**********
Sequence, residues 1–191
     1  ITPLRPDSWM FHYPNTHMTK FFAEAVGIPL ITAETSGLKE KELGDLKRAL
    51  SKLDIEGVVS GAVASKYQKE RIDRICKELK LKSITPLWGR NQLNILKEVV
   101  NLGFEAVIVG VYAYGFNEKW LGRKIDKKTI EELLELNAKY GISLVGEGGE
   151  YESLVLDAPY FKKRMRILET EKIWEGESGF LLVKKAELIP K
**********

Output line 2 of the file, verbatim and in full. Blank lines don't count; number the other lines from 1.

     1  ITPLRPDSWM FHYPNTHMTK FFAEAVGIPL ITAETSGLKE KELGDLKRAL